So let's thank God and do nothing to prohibit his judgments on the people of Haiti, because it's God's will. And let's look to the sky for Jesus and help raise money for doomsday ministries that tell the world of the coming disaster upon the heathen for whom this disaster is being sent. We'll be raptured out of this mess, and even if not, his grace is sufficient for us. We know where we'll go when the time comes.

Be thankful and praise God in all things!

78 comments:

Cole Houx said...

Well, the way I see it is that God's emotional life is infinitely complex and cannot be fathomed by us finite creatures. God isn't pleased in the death and suffering, in and of itself, of people in tragedies like this. It grieves Him in one sense. But in His ability to see the bigger picture and the final outcome that will accomplish His overall goal He is pleased. I don't praise God because of the tradgedy in and of itself. I praise God because in His infinte wisdom He will work it together for good. He has a moraly sufficient reason for allowing it to happen even if I don't know at the time what it is. I trust that He is good. His ways are the ways of infinite wisdom. Ours are not. God's sovereign will is hidden in mystery. We don't know it until it comes to pass. Neither are we to try to follow it or figure it out. Rather, we are to God by His revealed will which is loving our enemies and things of that nature.

Dan said...

Amen, brother!

Dan said...

So what you're saying then, Cole, is that because God is infinitely complex, God is limited? God's infinite "emotional complexity" (whatever that means) prevents God from being able to act on or prevent (or forces him to cause) horrific events such as earthquakes which take the lives of thousands of innocents in horrific suffering? Is that what you are saying? Because if you are saying that your god is one of these 3 things: Not omnipotent, an idiot, or a monster. Any of those 3 things disqualifies it as an entity worthy of worship, and most certainly disqualifies it as the Christian god.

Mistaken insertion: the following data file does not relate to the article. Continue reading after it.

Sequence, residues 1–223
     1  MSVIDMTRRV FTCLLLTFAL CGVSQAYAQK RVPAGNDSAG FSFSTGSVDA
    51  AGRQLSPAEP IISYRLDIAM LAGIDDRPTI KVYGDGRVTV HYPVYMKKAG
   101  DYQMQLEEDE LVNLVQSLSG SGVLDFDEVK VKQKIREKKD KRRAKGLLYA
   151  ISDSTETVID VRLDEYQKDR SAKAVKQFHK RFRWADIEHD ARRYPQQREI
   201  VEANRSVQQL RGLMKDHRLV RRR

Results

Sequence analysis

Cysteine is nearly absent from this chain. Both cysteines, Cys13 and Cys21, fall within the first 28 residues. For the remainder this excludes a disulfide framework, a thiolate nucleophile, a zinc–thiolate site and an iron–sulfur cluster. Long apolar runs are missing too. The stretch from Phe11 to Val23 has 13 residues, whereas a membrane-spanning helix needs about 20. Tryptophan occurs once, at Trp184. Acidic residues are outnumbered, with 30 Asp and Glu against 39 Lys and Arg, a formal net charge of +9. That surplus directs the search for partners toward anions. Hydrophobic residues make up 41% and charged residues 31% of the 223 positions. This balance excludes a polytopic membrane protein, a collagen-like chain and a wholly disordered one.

Fortunately for you and the rest of us (but especially you) the God of the bible has the exact same chance of existing as the Gods of Olympus...which is to say: none.

The reason people are dying in Haiti is because the tectonic plates of the Earth are constantly moving, and because Haiti is unfortunately right on top of where two of those plates meet. It's NOT because of the action or inaction of some magical sky fairy. When you finally truly understand that, then everything makes sense, and the horror of what is going on in Haiti is not as difficult to understand or to deal with. It's still horrible, but you don't have to try to justify *why* it happened. It's nothing personal, it's just nature. and it's up to US (and us only) to deal with, fix, and (hopefully in the future) prevent these tragedies. _US_. Not imaginary sky fairies. Just us. Human beings behaving humanely.

Cole Houx said...

Dan,

I don't believe God is obligated to be merciful to His creation. Grace is unmerrited favor and therefore never owed. Injustice on God's part can't even arise. God reserves the right to have mercy on whomever and whatever He pleases. Whether it's common grace or saving grace. Since God does nothing wrong by witholding grace He remains good. Since He's good then He has a moraly sufficient reason for allowing what He does.

Dan said...

Cole:

Then your God is truly the most horrific monster that could possibly be conceived of, and I have nothing but contempt for it...if it were real, which it isn't.